Can crystals heal you? The belief in the power of healing stones is practically as old as time.
Whether encased in water bottles, strung on chains, or displayed on tables, interest in crystals and their healing potential continues to grow in the world of alternative medicine. Depending on how you use them, believers say the colorful bursts from mineral deposits can radically change your life. Amethyst, for example, is believed to eliminate addiction and enhance intuition. Clear Quartz, on the other hand, is believed to boost self-love and boost immunity.
But these are great powers attributed to rocks. If that’s not enough of a warning sign, there’s also a curious lack of negative side effects whenever proponents discuss crystal use, says Christopher French, a psychologist at Goldsmiths, University of London. These are red flags that hint at what many people may already know: there is no scientific evidence that crystals can accomplish any of these claims. But since quartz sales explode during the pandemicit may be worth unpacking their healing appeal.
Back to the “Stone Age”
Even in the ancient and medieval periods, people attributed certain crystals with special powers. Some could protect people from thunderstorms or ward off the evil eye, according to archival texts that Stanford University medievalist Marisa Galvez has combed through. As someone who tried to untangle the various meanings that older civilizations placed on crystals, Galvez gets a lot of calls from people today who are interested in the healing powers of crystals. “They are often surprised that there are these bodies of knowledge and studies that go back to antiquity,” she says.
From the way ancient writers describe crystals, it’s clear that much of what people thought the material could accomplish was based on how the stones looked. Reflective surfaces shimmer like water and is the visual ambiguity liquid or solid? — seemed transformative, Galvez says. The texts could even describe crystals grouped around a religious relic, which would seem to shine in a haze of luminous reflections and take on a halo worthy of the spiritual value of the object.
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Today, crystal enthusiasts tend to place more authority on the physical aspects of stones, such as the temperature difference someone can detect by holding one, or the the “vibration” crystals emit. But the attraction people have for crystals tends to transcend time periods, says Galvez.
The versions people seek out for healing or spiritual purposes are usually rougher around the edges – nothing like a cut diamond or the particles of computer screens, both of which are also sorts of “crystals” in the sense scientific of the term, stresses Galvez. . Something raw and unpolished highlights its origin under our feet and carries an otherworldly beauty. Whether a medieval person was looking for a closer connection with God or someone today is looking for another spiritual presence, crystals connect people to another realm. “This idea that it’s something from the earth but it’s also something spiritual that comes from heaven – something invisible, something divine,” says Galvez, “I see it in all cultures and at many different times.”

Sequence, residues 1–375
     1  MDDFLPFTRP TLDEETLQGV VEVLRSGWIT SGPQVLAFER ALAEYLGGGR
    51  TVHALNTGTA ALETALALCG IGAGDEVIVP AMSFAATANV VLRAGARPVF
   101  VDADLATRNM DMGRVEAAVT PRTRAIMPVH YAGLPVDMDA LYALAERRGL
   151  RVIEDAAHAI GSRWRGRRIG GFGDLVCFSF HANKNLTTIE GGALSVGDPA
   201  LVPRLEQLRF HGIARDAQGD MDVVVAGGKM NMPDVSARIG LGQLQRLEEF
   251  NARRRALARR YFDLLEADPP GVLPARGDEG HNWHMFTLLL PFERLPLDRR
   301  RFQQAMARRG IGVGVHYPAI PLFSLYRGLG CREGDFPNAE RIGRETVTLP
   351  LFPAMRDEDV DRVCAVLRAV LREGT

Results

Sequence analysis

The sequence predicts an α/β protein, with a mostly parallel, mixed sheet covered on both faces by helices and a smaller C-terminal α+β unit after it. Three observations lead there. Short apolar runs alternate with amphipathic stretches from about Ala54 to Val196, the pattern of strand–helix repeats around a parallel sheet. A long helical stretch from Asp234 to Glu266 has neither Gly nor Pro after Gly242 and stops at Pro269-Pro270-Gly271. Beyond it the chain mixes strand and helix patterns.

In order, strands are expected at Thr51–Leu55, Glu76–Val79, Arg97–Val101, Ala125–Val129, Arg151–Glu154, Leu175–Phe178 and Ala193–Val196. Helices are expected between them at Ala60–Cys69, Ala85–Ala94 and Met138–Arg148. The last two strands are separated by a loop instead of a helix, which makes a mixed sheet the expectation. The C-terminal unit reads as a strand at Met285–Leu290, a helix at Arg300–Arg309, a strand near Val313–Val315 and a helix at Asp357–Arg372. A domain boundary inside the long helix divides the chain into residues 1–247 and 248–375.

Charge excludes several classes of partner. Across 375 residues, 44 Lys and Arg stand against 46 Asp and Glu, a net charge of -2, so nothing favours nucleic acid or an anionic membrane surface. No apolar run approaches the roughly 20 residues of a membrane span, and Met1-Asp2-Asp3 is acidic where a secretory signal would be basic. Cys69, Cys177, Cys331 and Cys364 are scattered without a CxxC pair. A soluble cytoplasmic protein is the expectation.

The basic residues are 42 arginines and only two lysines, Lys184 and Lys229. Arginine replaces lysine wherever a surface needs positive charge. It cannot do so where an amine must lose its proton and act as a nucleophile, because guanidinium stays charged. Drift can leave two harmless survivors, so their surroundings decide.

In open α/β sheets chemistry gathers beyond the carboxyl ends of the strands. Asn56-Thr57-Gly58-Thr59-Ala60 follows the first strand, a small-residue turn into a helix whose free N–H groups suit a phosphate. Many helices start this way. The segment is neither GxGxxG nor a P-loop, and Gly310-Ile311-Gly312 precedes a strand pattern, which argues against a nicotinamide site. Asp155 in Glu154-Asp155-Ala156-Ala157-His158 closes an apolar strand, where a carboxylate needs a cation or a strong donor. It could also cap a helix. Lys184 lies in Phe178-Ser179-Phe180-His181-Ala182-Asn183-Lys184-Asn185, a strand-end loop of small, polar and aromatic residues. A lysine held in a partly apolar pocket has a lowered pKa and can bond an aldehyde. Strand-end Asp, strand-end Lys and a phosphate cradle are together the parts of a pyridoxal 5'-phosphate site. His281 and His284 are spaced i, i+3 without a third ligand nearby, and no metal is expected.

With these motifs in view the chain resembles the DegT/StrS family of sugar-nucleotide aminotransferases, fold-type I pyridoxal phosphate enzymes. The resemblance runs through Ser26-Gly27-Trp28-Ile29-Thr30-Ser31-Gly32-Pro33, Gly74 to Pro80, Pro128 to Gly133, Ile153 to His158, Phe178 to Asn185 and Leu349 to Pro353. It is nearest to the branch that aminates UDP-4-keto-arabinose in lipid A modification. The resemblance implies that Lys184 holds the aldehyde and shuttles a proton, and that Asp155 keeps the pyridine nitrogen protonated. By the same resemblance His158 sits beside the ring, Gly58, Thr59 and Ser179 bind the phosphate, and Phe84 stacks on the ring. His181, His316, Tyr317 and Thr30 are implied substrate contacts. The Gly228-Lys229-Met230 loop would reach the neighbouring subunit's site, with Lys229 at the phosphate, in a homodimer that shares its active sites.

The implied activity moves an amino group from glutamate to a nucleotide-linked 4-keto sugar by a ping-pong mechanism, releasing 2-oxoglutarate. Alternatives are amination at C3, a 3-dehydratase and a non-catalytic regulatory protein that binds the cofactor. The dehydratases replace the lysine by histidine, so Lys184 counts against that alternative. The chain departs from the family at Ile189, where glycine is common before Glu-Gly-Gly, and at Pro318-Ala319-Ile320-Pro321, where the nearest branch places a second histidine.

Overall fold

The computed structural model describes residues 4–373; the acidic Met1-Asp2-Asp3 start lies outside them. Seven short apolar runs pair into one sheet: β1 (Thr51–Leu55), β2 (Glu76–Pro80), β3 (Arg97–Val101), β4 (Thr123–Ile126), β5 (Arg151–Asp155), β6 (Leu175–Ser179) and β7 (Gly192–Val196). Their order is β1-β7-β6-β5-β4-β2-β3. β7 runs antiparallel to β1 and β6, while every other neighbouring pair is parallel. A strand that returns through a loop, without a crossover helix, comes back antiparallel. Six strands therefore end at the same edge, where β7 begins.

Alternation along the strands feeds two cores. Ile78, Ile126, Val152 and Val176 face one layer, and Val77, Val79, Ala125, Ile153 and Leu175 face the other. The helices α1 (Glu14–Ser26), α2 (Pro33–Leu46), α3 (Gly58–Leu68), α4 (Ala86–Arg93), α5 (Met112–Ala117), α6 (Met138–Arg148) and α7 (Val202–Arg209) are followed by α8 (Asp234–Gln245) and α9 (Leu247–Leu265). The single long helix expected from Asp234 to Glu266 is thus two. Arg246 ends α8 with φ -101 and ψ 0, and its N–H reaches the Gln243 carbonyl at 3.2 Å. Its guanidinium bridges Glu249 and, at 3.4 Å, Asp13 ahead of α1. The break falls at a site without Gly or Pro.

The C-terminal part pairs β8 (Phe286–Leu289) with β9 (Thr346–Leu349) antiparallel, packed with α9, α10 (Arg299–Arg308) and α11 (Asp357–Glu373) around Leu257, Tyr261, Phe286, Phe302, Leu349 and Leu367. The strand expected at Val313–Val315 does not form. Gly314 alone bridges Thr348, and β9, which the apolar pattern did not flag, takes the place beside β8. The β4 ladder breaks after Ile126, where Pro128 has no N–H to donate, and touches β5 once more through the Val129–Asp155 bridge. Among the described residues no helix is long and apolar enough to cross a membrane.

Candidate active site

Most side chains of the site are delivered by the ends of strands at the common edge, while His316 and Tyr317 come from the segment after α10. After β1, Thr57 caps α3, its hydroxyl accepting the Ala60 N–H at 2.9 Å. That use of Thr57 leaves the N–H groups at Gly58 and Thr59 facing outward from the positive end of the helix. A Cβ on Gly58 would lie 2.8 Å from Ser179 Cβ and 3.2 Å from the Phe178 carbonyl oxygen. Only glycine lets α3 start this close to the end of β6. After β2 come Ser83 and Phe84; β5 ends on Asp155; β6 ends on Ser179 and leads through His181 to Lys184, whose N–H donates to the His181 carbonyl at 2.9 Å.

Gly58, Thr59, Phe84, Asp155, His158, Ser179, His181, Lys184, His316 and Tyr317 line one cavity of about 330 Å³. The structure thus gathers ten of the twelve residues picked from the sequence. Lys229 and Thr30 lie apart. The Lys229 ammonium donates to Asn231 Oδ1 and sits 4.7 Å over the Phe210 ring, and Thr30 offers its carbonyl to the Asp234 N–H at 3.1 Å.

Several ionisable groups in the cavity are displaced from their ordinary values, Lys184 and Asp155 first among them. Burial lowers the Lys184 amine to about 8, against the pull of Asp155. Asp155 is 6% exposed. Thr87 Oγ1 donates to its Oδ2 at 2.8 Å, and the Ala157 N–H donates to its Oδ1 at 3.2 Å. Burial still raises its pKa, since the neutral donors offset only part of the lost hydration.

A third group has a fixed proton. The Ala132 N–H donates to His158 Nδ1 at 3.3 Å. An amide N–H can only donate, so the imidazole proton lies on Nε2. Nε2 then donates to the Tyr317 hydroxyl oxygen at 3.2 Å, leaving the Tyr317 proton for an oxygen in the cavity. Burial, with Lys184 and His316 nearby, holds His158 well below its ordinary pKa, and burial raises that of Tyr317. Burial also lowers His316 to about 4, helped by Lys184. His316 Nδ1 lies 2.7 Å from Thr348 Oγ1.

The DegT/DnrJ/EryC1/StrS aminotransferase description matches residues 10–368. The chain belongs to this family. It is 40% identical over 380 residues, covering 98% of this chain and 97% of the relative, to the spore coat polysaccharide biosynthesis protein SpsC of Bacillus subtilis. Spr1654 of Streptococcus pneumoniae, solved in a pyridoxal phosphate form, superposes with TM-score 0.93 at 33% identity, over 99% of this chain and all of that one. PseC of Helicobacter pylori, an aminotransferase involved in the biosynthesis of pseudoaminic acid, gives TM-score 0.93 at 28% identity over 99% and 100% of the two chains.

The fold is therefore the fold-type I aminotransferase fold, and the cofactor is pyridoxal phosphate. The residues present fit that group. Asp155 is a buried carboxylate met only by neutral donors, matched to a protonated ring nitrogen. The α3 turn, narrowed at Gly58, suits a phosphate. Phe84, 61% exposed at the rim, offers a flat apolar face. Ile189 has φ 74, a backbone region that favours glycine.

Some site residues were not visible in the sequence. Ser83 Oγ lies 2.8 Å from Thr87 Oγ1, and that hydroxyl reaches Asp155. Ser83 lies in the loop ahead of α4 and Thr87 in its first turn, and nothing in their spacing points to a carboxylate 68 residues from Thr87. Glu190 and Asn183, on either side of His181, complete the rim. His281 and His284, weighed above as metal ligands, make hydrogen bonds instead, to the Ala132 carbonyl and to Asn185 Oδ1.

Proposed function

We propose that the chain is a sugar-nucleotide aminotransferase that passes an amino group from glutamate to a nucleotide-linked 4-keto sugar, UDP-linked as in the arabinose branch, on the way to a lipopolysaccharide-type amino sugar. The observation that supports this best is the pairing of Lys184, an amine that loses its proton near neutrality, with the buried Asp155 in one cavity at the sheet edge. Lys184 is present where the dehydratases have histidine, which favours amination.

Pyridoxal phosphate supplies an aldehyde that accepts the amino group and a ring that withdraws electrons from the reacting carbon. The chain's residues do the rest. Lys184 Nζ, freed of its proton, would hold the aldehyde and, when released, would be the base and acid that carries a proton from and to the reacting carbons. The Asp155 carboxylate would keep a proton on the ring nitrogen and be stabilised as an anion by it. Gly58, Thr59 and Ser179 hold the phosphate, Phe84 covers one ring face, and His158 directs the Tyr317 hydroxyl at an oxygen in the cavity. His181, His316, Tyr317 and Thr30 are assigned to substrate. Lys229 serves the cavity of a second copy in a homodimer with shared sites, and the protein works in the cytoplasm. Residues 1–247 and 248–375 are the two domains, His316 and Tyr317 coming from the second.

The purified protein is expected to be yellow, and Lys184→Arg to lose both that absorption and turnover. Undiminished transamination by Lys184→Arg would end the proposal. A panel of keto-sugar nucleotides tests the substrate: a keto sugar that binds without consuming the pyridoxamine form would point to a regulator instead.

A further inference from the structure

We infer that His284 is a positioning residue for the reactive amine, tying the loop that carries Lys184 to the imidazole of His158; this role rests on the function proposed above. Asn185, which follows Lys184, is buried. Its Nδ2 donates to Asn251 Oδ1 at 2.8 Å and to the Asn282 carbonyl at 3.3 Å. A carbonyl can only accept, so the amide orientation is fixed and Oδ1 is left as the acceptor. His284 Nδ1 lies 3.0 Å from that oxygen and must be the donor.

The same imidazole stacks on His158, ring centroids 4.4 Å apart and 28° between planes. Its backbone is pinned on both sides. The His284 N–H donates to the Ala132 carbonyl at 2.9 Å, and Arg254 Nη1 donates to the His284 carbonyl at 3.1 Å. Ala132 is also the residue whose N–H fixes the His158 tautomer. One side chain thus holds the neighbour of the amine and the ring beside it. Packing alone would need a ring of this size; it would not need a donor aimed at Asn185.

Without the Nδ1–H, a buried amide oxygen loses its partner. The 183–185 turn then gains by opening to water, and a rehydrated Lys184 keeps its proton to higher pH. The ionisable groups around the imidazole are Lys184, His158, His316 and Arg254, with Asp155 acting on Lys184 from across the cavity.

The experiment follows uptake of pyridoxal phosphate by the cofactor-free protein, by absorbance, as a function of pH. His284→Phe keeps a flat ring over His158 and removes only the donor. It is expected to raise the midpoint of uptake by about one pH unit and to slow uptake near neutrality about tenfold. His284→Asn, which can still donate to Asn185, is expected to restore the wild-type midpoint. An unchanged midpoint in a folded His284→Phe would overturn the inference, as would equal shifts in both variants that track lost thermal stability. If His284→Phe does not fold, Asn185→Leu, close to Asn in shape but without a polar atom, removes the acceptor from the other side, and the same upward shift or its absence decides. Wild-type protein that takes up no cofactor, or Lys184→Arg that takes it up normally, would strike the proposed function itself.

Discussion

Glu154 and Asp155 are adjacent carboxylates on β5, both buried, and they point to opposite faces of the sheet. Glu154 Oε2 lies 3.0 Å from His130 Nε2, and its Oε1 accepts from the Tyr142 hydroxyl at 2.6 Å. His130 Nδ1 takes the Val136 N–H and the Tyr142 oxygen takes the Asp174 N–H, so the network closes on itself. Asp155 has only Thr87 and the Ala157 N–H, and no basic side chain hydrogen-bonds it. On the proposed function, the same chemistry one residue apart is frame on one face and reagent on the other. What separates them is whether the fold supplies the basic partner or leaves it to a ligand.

Why people believe in crystals
Today, those who might be more inclined to believe in the healing power of crystals might also be more likely to subscribe to other fringe therapies. In some of his own research, presented at the European Congress of Psychology, French and his colleagues handed out “crystals” – some of which were taken from the earth and some of which were fake – to study participants to see who felt the effects. tingling, mood enhancement, or other changes the stones were meant to convey. Those who held artificial crystals were just as likely to report new sensations as those who held real ones, and those who experienced these changes were also more likely to believe other supernatural theories, French and his team found.
In order for someone to have a unique experience with crystals and turn it into their preferred form of therapy, certain things must first happen. It is possible that someone begins to believe in the power of these stones because of a false correlation. In other words, because they had the crystal with them when something positive was happening, someone might start thinking that the gem created those circumstances.
This single event can trigger a placebo effect. If a person believes they are receiving effective treatment – like someone who thinks they are on medication but it is actually a sugar pill – symptoms may improve. This the phenomenon plays out in pain management research, and it’s possible that the power of belief can impact crystal healing for some people, too, French says.
Ultimately, a deep-seated belief in the transformative powers of crystals is unlikely to cause much harm — as long as people don’t deny other proven medical interventions for the stones, French says. And techniques such as grinding the stones and mixing them into drinks to stimulate lactation – one of the medieval treatments encountered by Galvez – are best avoided.
Ultimately, French says scientists often view people’s relationship with crystals as a devotion not worth examining. “I think that’s a mistake,” French said. “From a psychologist’s point of view, if they don’t work, why do people think they work? A better understanding of why people seek self-improvement through a stone might say more about the social circumstances that led to that choice than the belief itself.